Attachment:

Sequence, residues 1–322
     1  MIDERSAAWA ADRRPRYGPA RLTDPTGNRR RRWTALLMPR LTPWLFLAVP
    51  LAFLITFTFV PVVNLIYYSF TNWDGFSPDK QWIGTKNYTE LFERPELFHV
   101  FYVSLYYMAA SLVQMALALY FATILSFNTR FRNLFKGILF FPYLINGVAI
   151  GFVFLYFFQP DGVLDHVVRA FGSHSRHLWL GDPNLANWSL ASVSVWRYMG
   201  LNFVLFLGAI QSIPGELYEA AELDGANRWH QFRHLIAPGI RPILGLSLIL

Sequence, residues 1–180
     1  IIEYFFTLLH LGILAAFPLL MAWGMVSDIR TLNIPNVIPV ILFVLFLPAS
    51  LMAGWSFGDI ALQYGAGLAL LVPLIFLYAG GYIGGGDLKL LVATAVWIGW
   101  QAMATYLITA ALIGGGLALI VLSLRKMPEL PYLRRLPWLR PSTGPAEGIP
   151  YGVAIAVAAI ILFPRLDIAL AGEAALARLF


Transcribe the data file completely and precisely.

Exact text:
Sequence, residues 1–322
     1  MIDERSAAWA ADRRPRYGPA RLTDPTGNRR RRWTALLMPR LTPWLFLAVP
    51  LAFLITFTFV PVVNLIYYSF TNWDGFSPDK QWIGTKNYTE LFERPELFHV
   101  FYVSLYYMAA SLVQMALALY FATILSFNTR FRNLFKGILF FPYLINGVAI
   151  GFVFLYFFQP DGVLDHVVRA FGSHSRHLWL GDPNLANWSL ASVSVWRYMG
   201  LNFVLFLGAI QSIPGELYEA AELDGANRWH QFRHLIAPGI RPILGLSLIL

Sequence, residues 1–180
     1  IIEYFFTLLH LGILAAFPLL MAWGMVSDIR TLNIPNVIPV ILFVLFLPAS
    51  LMAGWSFGDI ALQYGAGLAL LVPLIFLYAG GYIGGGDLKL LVATAVWIGW
   101  QAMATYLITA ALIGGGLALI VLSLRKMPEL PYLRRLPWLR PSTGPAEGIP
   151  YGVAIAVAAI ILFPRLDIAL AGEAALARLF